My Experience Growing Blue Fingerling Potatoes in Pure Compost
Hello, fellow gardeners! Have you heard that planting the seeds of the crops that previously grew on your land is potentially better than growing 'foreign' crops? Seed-saving! I love saving beans (of course) and I think they're getting bigger after each successive harvest! I think it's because the plant and its biology get adapted to that particular soil texture/structure.
But can this apply to potatoes? Yes and no. If you planted the seeds of your potato fruits (which are full of poisonous solanine) then maybe. However, most normal people grow their potatoes by seed potato, or some small tubers (or a big one cut up). The tubers, actually a modified form of the stem, are clones of the parent plant. Clones are a genetic dead end, however, you always know what the outcome will be.
Some tubers always make it from one year to the next, either as volunteers or they just never got eaten. In the dark, the eyes will produce long stems which will remain white.
Put them where they can get some light and they will change to green and purplish. Unfortunately, what gives them their beautiful color, anthocyanin, is not known to have any beneficial effects on health; it's just color. I had read that a good time to plant potatoes is around St. Patrick's day or about 6 weeks before the last frost date for your area. I went ahead and planted them a week early since we were having a spell of warm weather.
I planted the potatoes about 8 inches deep and 6in apart in a bed of aged compost. Tomatoes grew in it last year when it was first freshly made. Early this year, I amended it with charged biochar in the top few inches, added a thin layer of dry grass, then top-dressed that with maplewood mulch.
By April, almost exactly a month later, some sprouts were finally starting to emerge! A few were coming up with brown tips and I didn't know why.
Two full months later, in June, they looked like this. The vegetative stage continues. They don't need waterb too often. The compost is very good at retaining water (despite the bed having drainage holes).
Another 2 months later and we're finally caught up to present day. As of the end of August, we are now in the flowering stage! I thought the blooms were going to be purple or blue.
The plants have gotten massive.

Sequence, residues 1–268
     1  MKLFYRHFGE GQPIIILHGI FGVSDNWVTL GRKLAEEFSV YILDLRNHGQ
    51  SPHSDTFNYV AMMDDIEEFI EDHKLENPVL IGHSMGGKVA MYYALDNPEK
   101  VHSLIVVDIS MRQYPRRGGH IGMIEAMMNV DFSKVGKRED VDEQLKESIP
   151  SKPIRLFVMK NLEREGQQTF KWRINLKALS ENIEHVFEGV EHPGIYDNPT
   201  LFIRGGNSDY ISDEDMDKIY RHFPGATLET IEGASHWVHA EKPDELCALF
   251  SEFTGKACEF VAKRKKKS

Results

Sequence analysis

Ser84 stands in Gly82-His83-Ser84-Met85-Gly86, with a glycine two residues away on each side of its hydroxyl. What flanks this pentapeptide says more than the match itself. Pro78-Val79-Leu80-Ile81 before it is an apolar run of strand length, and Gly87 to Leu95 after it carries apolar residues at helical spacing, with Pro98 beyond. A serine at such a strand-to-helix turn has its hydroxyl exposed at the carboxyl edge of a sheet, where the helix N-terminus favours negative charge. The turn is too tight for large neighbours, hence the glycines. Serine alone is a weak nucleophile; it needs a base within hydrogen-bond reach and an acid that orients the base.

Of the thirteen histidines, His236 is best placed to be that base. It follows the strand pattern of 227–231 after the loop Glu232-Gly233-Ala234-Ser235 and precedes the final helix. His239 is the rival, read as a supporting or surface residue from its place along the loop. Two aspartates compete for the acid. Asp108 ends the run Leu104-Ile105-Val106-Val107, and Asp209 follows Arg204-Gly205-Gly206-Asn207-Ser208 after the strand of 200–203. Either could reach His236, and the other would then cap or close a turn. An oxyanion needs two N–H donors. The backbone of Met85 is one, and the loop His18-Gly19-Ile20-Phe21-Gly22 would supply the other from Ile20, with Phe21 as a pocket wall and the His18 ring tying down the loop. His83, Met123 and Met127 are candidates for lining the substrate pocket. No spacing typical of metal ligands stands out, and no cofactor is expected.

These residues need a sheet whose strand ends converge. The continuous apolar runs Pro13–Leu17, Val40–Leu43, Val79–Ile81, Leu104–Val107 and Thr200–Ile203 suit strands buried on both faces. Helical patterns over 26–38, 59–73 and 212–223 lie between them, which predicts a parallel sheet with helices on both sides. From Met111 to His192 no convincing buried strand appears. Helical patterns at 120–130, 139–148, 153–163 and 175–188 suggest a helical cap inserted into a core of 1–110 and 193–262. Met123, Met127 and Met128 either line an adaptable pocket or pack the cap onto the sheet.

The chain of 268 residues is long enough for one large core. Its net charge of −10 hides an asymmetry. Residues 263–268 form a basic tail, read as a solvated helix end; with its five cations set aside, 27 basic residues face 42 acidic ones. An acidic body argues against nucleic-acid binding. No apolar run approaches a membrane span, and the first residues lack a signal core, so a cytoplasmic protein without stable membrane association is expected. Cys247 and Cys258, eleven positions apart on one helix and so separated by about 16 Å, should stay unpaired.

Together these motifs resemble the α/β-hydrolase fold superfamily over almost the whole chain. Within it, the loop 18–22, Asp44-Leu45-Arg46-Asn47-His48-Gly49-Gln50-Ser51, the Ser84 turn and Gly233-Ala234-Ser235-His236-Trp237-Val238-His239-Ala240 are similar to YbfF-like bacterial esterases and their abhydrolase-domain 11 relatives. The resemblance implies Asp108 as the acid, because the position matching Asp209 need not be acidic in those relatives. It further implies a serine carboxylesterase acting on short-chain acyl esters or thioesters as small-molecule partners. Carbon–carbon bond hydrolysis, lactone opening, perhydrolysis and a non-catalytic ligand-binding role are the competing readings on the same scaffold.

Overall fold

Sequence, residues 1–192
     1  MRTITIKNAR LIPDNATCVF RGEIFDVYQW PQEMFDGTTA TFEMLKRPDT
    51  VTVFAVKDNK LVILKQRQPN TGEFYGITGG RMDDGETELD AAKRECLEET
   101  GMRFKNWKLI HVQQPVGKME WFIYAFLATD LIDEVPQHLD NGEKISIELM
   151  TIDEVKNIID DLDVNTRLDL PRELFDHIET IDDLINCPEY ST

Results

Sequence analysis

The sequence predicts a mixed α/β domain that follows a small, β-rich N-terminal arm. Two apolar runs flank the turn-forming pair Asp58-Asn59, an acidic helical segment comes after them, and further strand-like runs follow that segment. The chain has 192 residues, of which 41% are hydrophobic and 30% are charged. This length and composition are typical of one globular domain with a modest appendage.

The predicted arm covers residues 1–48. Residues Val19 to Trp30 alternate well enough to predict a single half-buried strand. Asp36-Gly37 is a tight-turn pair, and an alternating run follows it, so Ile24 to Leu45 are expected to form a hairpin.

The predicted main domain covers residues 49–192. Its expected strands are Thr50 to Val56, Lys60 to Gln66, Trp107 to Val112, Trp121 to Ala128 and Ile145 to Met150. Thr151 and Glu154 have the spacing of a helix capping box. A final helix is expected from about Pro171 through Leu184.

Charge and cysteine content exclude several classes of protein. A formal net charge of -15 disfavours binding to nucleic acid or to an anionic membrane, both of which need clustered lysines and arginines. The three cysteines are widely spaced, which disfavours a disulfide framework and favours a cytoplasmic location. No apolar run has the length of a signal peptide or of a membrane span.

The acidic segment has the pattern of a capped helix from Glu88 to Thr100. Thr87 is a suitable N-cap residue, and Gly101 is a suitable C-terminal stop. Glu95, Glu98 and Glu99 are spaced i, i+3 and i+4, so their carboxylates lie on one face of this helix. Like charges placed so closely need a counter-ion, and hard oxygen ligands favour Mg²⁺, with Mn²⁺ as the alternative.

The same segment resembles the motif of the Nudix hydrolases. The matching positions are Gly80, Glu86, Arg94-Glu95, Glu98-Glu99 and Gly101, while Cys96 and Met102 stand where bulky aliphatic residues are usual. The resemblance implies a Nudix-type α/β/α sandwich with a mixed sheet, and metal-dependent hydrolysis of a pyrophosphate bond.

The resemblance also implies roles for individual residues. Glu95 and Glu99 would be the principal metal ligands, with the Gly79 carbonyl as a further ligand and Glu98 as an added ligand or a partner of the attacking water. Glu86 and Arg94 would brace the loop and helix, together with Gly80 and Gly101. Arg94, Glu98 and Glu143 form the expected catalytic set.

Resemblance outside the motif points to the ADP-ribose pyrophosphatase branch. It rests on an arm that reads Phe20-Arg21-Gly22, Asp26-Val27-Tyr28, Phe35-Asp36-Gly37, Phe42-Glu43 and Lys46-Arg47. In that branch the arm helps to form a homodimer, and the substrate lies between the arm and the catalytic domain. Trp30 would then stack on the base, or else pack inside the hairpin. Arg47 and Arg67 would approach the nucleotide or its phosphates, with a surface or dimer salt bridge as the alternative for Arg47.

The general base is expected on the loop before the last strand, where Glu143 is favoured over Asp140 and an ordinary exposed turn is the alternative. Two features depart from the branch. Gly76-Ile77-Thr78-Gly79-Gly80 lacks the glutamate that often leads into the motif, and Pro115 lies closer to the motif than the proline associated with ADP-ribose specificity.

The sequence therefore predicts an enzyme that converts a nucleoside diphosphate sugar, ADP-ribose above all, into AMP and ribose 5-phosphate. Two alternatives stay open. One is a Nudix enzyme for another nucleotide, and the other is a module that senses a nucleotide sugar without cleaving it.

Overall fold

No fruits are forming so I guess I can't save true seeds even if I wanted to.
Now there is some browning of the foliage, a different kind than before. Before it was wet and probably cause by the coffee grounds I through in to protect them from critters. This time the foliage is turning dry and crunchy, but not the way it should be.
Another is afflicted with mealy bugs. Some odorous house ants (Tapinoma sessile) eagerly tend then as their cows, getting sweet honeydew in exchange for protection.
I suspect it will be at least another month before harvest time. I'm already excited to start digging though! There should be lots of creepy crawlies in the bin due to all the decaying matter. I threw in a few cell spiders from my active compost bin in order to control the 'slater' population. I've also been tossing in strawberry seed beetles.
Their larvae are predatory so maybe they will take out any scarab beetle larvae that decide to take up residence here.
Once the potato foliage had died back fully, I will harvest. Fingerling potatoes are supposed to take 120 days to mature but my purple kind are taking longer.
I'm already excited to plan what to plant in that bed next! What do you think? What do you rotate to after a 'root' crop? Beans to restore the soil? There will be plenty of time to decide. Right now I still have to plant spinach in a spot that opened up where my turban pumpkin plant (from last month's challenge) has died back.
Here is the link to the announcement post: https://peakd.com/hive-140635/@riverflows/hive-gardeners-its-time-for-the-september-gardenjournal-challenge-25-hive-in-prizes